Achilles Tendonitis – Symptoms, Causes and Treatment
The Achilles tendon — a strong fibrous cord that connects the muscles in the back of your lower leg (gastrocnemius and soleus) to the back of your heel (calcaneus).This large tendon helps you point your foot downward, elevate on your toes and push off your foot as you ambulate. Every time you move your foot, chances are you are utilizing your Achilles tendon. Under too much stress, the tendon can become overworked. This generally leads to inflammation of the tendon or tendonitis. If not addressed, this inflammation can produce scar tissue thus decreasing the range of motion in the tendon. This could potentially lead to more problems. If you overstretch your Achilles tendon, it can tear (rupture). A rupture can be partial or complete. Usually the rupture occurs just above your heel bone, but it can happen anywhere along the tendon. Another common problem that can occur at the Achilles tendon includes Bursitis. The bursa is a fluid filled sac that secretes lubricant to enables movement at the joints to be smooth and frictionless. Think of it as WD–40 for the body. Inflammation can occur in the bursa between your heel bone and your Achilles tendon. This type of bursitis is called Retrocalcaneal Bursitis. Achilles tendinitis is the inflammation of your Achilles tendon. Symptoms for this may include:
* Pain along the back of the tendon, frequently closest to the heel
* Decreased R.O.M. (Range of Motion) at the ankle
* Heat or redness over the painful area
* Bump or build up of scar tissue that can be palpated at the tendon
* Snapping noise from scar tissue when movement at the ankle occurs.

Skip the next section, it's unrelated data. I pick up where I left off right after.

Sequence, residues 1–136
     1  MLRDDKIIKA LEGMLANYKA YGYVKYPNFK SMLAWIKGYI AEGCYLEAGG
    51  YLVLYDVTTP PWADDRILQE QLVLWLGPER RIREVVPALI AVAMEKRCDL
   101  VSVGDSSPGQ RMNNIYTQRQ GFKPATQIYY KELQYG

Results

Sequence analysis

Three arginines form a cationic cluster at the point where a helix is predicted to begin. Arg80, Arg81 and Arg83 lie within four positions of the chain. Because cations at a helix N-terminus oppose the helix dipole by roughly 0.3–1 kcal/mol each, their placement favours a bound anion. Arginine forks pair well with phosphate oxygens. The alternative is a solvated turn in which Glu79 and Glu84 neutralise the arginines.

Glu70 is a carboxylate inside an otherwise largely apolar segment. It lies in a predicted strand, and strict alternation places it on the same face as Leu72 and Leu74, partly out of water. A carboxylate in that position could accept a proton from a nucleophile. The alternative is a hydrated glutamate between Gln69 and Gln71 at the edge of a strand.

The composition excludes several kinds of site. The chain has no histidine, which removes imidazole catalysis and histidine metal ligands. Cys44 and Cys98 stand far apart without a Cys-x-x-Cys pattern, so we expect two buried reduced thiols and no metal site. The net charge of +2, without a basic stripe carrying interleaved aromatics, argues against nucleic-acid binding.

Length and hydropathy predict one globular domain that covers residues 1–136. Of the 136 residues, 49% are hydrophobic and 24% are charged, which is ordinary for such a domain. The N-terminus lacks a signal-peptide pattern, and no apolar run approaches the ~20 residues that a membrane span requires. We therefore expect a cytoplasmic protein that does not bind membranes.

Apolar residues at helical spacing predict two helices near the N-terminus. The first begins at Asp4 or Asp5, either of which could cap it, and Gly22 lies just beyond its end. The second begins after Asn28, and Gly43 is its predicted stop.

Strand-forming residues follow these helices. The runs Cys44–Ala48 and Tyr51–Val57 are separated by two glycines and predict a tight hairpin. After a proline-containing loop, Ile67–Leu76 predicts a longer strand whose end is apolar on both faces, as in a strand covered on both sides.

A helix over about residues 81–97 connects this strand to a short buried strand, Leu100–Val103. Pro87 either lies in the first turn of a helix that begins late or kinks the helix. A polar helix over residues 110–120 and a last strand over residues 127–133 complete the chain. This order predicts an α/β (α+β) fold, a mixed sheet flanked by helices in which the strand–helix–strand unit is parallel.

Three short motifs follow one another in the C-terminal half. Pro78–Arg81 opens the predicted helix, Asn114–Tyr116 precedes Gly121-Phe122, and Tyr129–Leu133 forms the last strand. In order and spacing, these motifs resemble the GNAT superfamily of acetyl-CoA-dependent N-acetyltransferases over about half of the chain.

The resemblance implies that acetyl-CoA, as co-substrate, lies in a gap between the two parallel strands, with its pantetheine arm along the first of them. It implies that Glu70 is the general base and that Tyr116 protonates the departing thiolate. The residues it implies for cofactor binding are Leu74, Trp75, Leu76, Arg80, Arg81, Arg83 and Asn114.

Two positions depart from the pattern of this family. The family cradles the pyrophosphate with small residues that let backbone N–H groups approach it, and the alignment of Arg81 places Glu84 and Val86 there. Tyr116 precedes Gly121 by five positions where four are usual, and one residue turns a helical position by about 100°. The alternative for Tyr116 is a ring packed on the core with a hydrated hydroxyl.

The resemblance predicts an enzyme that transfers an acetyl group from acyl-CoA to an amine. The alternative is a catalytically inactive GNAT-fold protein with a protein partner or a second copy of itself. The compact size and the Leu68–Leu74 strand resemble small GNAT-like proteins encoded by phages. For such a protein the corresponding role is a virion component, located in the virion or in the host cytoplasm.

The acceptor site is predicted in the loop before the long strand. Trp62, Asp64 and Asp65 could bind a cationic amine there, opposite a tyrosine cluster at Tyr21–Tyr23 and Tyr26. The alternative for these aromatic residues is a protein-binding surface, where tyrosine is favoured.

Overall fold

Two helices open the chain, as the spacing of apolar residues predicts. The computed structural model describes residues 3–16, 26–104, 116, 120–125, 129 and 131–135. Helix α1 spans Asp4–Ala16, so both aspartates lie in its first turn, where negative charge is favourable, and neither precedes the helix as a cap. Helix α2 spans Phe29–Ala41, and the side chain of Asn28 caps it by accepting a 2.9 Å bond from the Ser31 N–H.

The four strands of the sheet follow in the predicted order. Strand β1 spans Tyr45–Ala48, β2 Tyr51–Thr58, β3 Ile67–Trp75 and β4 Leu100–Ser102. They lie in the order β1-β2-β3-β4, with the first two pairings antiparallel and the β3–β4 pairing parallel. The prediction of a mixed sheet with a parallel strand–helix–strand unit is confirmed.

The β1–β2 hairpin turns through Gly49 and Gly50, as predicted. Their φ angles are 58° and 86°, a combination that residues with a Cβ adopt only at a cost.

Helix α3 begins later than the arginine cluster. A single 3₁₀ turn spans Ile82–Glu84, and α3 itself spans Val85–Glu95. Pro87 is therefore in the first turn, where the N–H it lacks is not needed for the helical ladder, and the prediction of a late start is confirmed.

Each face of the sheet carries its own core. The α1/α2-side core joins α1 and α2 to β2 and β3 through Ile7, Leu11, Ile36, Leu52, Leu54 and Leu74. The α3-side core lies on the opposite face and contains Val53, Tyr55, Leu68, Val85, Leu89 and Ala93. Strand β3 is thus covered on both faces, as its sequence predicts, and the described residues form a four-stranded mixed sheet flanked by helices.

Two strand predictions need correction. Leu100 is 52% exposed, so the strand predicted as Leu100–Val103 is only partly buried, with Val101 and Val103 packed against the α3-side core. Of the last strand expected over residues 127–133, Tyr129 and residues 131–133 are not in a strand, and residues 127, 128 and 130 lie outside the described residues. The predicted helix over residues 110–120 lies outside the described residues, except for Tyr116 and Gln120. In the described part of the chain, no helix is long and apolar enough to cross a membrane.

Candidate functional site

Common Causes of Achilles Tendinitis are:
* Tight, weak or fatigued gastroc muscles
* Too much, too soon with hill runs o
r speed workouts
* Worn out or inflexible running shoes
* Individuals who overpronate
* Flat feet.
In addition, injuries can often result from taking part in an activity involving quick directional changes for which you’re not conditioned or for which you haven’t stretched properly. Playing tennis, racquetball or basketball for the middle–aged weekend warrior is very common for this particular injury. Treatments include:
* Apply cold therapy 15 minutes several times a day until inflammation subsides with compression and rest.
* Stop running (if you are a runner)
* Continue use of cold after exercise to prevent re–occurring injury
* Consider short term usage of aspirin or ibuprofen for inflammation and pain only if approved by M.D.
* Massage the knotted area several times a day
* Stretch the gastroc /soleus area
*Work your way back slowly.
Do not begin running until strength and flexibility have returned to the area. This is the hardest part for the avid runner and most athletes to fathom. The good news is that the cardiovascular or aerobic component of exercise can still be addressed in a more protected temporary environment. Consider swimming or aquatic running/exercise in deep water progressing to shallow water as well as doing calf stretches and raises in the pool. Balance training and directional hops can be added with increased weight bearing as tolerated. Consult your local physical therapist for a complete exercise program. Last but not least, a gait analysis is a vital piece of the rehabilitation puzzle with foot injuries. Along with the initial pain treatment listed above, the use of custom orthotics and/or motion controlling shoes should be evaluated. This can prevent your injury from returning to haunt you in the future.
Article by Shawn J Hickling B.S. P.T.A, ActiveWrap.com SoCalRunning.com Member